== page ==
So when we celebrate the 20th anniversary of Mac OS X, it’s important to realize what we’re celebrating. We’re celebrating a software release that was the culmination of Steve Jobs’s return to Apple. We’re celebrating the operating system we still use, two decades later. But we’re also celebrating the foundation of iOS, iPadOS, tvOS, and watchOS.
In that way, this isn’t just the 20th anniversary of Mac OS X 10.0. It’s the 20th anniversary of modern Apple, and the end of the dark days when Apple couldn’t fix its own operating system.
I’ve said it before, but I’ll repeat it here: Apple buying NeXT was the most important tech acquisition of all time.
It’s hard to believe that
Mac OS X macOS is two decades old, but it’s true. On March 24, 2001, Apple released the first non-beta version of Mac OS X 10.0:
The release followed years of development that took NeXT’s technology and molded it into an operating system for the Mac. That process took longer than Apple had predicted, and included a false start known as Rhapsody. That’s really a story for a different time, but in short, that operating system strategy left classic Mac OS developers without a way forward for their applications that didn’t require rewriting them, and the community soundly rejected the entire thing.
After a regroup, OS X began to take shape, with a new technology named Carbon that would allow apps written for the Mac to run natively on the new operating system with some tweaks. I truly believe Carbon is the real hero of the OS X transition, as without it, I don’t think it would have been successful.1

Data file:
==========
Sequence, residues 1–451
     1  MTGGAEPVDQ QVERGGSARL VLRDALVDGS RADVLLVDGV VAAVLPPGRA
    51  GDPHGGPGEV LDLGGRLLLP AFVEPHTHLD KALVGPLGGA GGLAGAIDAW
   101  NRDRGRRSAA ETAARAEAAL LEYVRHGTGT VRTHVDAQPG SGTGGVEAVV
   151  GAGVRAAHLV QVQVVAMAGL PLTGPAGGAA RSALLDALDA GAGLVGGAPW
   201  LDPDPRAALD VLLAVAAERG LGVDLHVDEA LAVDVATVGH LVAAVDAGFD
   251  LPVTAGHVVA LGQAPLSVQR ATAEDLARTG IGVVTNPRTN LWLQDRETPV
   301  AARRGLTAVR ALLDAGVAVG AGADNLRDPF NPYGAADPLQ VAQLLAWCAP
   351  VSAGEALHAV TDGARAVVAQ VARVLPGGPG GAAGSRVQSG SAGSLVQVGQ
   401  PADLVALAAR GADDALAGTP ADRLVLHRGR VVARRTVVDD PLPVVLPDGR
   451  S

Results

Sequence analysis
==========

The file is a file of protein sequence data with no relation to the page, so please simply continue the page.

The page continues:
However, Aqua grabbed all the attention. First introduced in Developer Preview 3, this new user interface was shockingly different from Platinum in Mac OS. Full of pinstripes and bright blue elements, Aqua was designed to be as friendly and fun as the colorful iMac G3s with which many users would first experience it.
All of that eye candy came at a cost, though. Performance in the early versions of Mac OS X was notoriously bad as the hardware caught up. By the time most users were ready to switch from Mac OS 8 or 9, OS X was in pretty decent shape.
If you want to learn more about Mac OS X, I’ve rounded up some links for you:
- Aqua and Bondi: My book on the creation of Mac OS X and the evolution of the iMac G3.
- On this week’s MPU, David and I talked about the entire two decade history of our beloved macOS.
- Mac OS X 10.0’s entry in my macOS Screenshot Library
- A Wayback Machine grab of the original OS X website.
- The “Welcome to Mac OS X” guide
- The 10.0 “Before You Install” document
- John Siracusa’s review of Mac OS X 10.0.
- Andrew Gore’s take on OS X for Macworld in June of 2001. (Start on page 9.)
- John Gruber’s look at Avie Tevanian’s role in the creation of OS X.
- An article from Benj Edwards on OS X’s origins, published back in 2010. It pairs nicely with this Macworld article from 2000 by Jason Snell, Stephan Somogyi and Jeff Pittelkau.
- My buddies over at Simple Beep have a great episode marking the occasion, as does John with The Talk Show.
- Both Rhapsody and Mac OS X included an environment for running Mac OS apps directly, but these “Classic” programs wouldn’t get any of the benefits promised by the new operating system, including preemptive multitasking, protected memory or an update user interface. ↩
This week on Liftoff, as always, things are busy:
The SLS has completed a full-length hot fire test and NASA is on the verge of having a new administrator, all while SpaceX continue to move ahead with its Starship testing.
I am fascinated to see what happens with this big rocket drama.
My thanks to our sponsors this week: